ALY ORADY: Well, we have not been talking explicitly about numbers in terms of dollars sales. But what I can tell you is we did last year announce that we grew 8x year over year, which is massive growth. In January of this year, we raised $250 million at a $1.6 billion valuation. And we've seen significant growth since then. And so, when you're looking at those valuation numbers and the multiples that you would assume are behind them, you can extrapolate the rate at which we're growing and how many Tonals we're selling. I'm just going to tell you, it's a lot. It's significant.
BRIAN SOZZI: Aly, do you expect some form of shakeout in this at-home fitness space? I see you guys-- very innovative product. Peloton-- very innovative product. I see something like a Mirror-- I would say not too innovative. And you see other competing type products out there. Ultimately, over time, is there just two major players in this space?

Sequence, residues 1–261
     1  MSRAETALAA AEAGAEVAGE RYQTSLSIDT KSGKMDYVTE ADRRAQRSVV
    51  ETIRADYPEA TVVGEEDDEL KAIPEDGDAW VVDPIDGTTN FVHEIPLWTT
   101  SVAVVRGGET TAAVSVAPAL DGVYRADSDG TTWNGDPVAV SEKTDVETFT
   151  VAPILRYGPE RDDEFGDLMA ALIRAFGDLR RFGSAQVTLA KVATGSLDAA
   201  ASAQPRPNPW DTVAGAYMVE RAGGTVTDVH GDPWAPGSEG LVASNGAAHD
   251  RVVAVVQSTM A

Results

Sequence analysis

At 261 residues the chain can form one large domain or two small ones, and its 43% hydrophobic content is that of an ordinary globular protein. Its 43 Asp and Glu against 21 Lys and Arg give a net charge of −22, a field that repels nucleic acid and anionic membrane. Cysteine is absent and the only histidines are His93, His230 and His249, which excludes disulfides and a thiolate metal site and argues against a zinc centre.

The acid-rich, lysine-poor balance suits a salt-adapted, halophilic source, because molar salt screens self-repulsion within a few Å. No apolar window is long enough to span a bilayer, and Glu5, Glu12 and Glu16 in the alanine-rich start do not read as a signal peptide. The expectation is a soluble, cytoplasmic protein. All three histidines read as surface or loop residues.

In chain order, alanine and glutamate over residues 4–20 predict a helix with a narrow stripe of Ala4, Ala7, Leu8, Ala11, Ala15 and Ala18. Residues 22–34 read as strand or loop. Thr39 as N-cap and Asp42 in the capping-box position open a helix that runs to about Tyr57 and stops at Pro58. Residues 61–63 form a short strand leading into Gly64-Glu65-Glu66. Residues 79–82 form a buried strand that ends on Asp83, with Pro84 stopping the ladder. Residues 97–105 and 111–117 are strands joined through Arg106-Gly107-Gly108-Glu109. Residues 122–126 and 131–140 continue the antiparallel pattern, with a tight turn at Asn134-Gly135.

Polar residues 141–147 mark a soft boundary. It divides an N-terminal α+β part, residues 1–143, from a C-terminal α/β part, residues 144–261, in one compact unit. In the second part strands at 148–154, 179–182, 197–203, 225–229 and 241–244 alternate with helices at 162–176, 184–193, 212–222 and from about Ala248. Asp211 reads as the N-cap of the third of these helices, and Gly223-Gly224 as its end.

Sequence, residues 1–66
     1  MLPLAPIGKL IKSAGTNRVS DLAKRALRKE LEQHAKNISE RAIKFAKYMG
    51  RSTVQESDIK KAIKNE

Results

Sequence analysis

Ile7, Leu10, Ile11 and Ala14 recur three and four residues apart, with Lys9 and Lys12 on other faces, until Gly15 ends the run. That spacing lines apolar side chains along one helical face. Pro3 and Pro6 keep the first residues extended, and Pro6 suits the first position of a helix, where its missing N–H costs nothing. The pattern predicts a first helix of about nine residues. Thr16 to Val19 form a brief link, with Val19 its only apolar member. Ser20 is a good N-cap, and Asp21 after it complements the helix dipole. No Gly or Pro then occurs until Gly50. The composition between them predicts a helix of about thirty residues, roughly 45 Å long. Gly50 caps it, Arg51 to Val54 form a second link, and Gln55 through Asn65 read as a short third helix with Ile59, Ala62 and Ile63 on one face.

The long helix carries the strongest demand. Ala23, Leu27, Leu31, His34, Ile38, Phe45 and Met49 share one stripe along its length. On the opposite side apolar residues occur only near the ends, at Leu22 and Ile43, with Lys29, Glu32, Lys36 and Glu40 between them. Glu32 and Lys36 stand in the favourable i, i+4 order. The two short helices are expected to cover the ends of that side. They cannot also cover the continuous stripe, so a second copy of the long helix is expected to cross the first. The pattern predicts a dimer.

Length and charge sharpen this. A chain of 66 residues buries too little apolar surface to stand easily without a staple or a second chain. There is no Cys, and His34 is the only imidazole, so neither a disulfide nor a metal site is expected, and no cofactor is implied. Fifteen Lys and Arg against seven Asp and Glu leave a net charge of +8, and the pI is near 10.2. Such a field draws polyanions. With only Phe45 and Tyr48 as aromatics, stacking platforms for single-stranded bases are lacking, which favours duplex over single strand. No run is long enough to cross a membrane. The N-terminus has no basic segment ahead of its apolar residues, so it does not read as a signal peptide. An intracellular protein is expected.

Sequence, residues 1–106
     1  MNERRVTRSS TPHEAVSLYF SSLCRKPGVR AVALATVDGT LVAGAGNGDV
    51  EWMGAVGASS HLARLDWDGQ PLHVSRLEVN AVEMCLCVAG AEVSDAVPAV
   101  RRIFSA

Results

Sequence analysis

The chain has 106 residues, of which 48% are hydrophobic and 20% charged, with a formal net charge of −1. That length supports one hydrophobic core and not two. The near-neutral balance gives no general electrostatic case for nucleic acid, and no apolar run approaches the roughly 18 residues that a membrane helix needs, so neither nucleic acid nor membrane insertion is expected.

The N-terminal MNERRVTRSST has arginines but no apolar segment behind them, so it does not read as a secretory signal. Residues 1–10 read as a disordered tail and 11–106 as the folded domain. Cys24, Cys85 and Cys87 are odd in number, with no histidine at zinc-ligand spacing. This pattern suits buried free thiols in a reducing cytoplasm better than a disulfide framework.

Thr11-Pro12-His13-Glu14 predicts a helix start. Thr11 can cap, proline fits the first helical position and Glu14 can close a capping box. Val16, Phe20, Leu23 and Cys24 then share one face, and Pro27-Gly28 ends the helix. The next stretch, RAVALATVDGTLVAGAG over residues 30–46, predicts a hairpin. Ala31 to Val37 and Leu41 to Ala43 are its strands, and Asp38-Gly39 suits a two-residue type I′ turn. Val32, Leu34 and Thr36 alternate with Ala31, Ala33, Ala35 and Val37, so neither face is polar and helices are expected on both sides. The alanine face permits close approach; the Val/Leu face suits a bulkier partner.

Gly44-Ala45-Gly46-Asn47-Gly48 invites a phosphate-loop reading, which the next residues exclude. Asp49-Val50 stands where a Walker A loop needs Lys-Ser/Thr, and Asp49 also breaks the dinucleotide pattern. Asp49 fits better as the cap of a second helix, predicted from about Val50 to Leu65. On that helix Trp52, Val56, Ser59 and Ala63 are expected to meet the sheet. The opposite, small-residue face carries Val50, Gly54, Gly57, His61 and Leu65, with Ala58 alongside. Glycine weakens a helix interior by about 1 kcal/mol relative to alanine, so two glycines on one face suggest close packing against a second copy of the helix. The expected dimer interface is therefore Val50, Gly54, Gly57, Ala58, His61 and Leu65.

ALY ORADY: Well, we are the leaders in connected strength. We're also the leaders in intelligent fitness. One of the things that we did differently from everyone else in the sector is our aim to bring a personal trainer into the home, rather than just a group fitness experience. We did that by bringing a lot of data to bear by building AI and personalization. And we really view that as intelligent fitness, not just connected fitness.
So we're forging ahead and we're leaders in multiple dimensions. We've built all sorts of moats around our business. We filed over 45 pounds today. Of course, there is one business that you mentioned, Peloton, which is significantly larger at this point. But we're growing faster than they historically grew.